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TV review: Proms Encore, The Misadventures of Romesh Ranganathan, and How To Break Into The Elite

09 August 2019

BBC/Rumpus Media Ltd

In The Misadventures of Romesh Ranganathan (BBC2, Sunday), the comedian explored Mongolia

In The Misadventures of Romesh Ranganathan (BBC2, Sunday), the comedian explored Mongolia

WHAT did the vicar say to the organ­ist? Not the usual playing hymns too fast, too high, or delibe­rately scheduling the wrong tune: this was on an altogether different plane. As, indeed, were the inter­locutors: the organist was the Titu­laire des orgues of Notre-Dame de Paris, Olivier Latry, and the clergy­man was the Revd Richard Coles.

Proms Encore (BBC2, Saturday) is a short magazine programme put together as a shameless puff for the BBC’s great summer music festival, aimed at people with little pre-exist­­ing commitment to classical music, and finding, in the most part, popu­­list hooks to whet their interest.
This wasted a potentially fascinat­ing exchange: Fr Coles and M. Latry could have had a really illuminating conversation about the intersection and cross-fertilisation of pop, tradi­­tional, and liturgical music. And the question? Fr Coles cheekily asked M. Latry to change the stops while he played (extremely well) the open­­ing bars of Bach’s D-minor toccata. The actual recital that they were advert­ising took place on Sunday at 11 a.m. — brilliantly chosen as the time at which the entire audience for the concert would be otherwise en­­gaged.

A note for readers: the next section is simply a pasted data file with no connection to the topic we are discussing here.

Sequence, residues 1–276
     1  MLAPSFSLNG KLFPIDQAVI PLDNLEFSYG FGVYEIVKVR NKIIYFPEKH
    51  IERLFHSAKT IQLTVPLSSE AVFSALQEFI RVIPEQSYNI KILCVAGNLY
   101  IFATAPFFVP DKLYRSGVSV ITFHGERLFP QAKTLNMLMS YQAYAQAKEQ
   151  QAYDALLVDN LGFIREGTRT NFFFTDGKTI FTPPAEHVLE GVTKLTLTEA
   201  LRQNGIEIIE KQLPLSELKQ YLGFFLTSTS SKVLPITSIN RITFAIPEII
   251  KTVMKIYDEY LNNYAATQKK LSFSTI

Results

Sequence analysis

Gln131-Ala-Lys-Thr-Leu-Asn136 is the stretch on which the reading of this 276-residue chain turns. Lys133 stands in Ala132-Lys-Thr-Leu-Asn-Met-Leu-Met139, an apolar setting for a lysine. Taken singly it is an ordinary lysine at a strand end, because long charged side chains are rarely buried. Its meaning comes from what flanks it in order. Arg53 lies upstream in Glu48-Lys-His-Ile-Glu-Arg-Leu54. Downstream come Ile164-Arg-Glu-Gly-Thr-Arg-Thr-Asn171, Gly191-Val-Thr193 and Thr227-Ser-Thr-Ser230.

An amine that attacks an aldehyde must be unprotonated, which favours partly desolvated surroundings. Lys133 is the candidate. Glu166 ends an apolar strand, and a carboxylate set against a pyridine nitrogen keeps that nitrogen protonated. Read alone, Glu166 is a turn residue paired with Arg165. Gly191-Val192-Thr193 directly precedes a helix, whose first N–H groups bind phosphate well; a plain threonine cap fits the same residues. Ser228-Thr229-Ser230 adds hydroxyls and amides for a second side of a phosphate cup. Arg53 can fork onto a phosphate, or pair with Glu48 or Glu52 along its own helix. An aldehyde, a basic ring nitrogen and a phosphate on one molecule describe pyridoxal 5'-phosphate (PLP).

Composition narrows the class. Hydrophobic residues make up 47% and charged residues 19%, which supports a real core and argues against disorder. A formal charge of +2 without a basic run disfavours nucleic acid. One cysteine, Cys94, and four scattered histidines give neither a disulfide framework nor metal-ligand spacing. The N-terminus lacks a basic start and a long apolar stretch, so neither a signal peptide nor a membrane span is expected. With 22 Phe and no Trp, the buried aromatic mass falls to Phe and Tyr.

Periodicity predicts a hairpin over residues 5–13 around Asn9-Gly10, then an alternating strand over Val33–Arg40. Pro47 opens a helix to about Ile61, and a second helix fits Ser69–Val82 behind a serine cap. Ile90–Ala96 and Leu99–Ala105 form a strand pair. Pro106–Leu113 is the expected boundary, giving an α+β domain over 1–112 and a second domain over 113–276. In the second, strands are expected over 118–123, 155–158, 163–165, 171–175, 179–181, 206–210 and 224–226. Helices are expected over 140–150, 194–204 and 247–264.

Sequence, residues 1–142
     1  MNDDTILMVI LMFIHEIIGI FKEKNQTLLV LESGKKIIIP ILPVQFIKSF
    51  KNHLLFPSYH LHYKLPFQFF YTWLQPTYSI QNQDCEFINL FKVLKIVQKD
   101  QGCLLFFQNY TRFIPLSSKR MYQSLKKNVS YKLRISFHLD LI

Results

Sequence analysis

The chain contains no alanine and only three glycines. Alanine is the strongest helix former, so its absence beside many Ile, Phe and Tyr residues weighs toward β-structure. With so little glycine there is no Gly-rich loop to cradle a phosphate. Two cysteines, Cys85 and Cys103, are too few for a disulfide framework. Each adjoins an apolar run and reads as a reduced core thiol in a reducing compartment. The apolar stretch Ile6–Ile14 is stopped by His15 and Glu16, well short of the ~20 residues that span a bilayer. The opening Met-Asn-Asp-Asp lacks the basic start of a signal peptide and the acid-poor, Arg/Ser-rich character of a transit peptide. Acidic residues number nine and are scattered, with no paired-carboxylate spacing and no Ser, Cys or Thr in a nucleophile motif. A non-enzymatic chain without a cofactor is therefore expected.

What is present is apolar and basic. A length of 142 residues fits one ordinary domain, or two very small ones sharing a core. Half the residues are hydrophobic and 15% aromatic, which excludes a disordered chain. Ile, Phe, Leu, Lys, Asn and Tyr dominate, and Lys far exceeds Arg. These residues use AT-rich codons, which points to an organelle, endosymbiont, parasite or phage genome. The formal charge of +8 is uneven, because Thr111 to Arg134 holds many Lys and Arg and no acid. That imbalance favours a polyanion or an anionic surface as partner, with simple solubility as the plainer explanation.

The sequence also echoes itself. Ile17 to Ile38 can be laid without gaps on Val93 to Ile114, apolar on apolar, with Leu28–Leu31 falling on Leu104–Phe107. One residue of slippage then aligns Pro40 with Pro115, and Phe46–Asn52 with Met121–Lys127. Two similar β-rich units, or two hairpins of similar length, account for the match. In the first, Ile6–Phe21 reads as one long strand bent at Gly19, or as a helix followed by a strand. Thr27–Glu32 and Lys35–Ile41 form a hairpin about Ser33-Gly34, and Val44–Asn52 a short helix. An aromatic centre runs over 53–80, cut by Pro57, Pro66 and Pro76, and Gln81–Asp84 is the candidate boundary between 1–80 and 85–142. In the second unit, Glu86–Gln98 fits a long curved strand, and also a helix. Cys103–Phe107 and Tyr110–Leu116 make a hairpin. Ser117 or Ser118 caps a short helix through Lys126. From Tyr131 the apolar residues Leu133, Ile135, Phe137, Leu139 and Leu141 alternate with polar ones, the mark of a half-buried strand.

I found a surprising amount of religion in The Misadventures of Romesh Ranganathan (BBC2, Sun­­day). The genial comedian was ex­­ploring Mongolia, where the over­­throw of communism has enabled a flourishing of nationalism (ex­­pressed in the colossal statue of Genghis Khan), and a range of faiths.

A female shaman attempted to heal his lazy eye, and he lay flat on his back in Buddhism’s supposed energy centre of the world to con­nect with the earth’s power. Deep in the desert of the world’s most sparsely-populated country, he at­­tended a dance where young people living hundreds of miles apart are supposed to find romance. “How did you find out about your girlfriend?” he asked. Every member of your youth group will have guessed the universal answer: “Facebook.”

Exposing a barren land at the heart of our own nation, How To Break Into The Elite (BBC2, Mon­­day of last week), revealed the gulf between our fond aspirations to level-playing-field meritocratic op­­port­unity and the bitter reality. Amol Rajan, who made the break­through himself, showed what little chance young people from working-class backgrounds had, however bril­liantly they achieve at university, of landing the kind of jobs which middle-class and professional off­spring slid into naturally.

Case after case showed that em­­­ployers were more interested in main­­taining an unwritten code of manners, accent, and self-confidence than seeking out genuine talent. However hard they tried, Amaan, Elvis, and Dominique were consist­ently passed over. Each rejection was an indict­ment of privilege-ridden Eng­­­land. Did we manage any better in the Church, I wondered (snug in my middle-class security).

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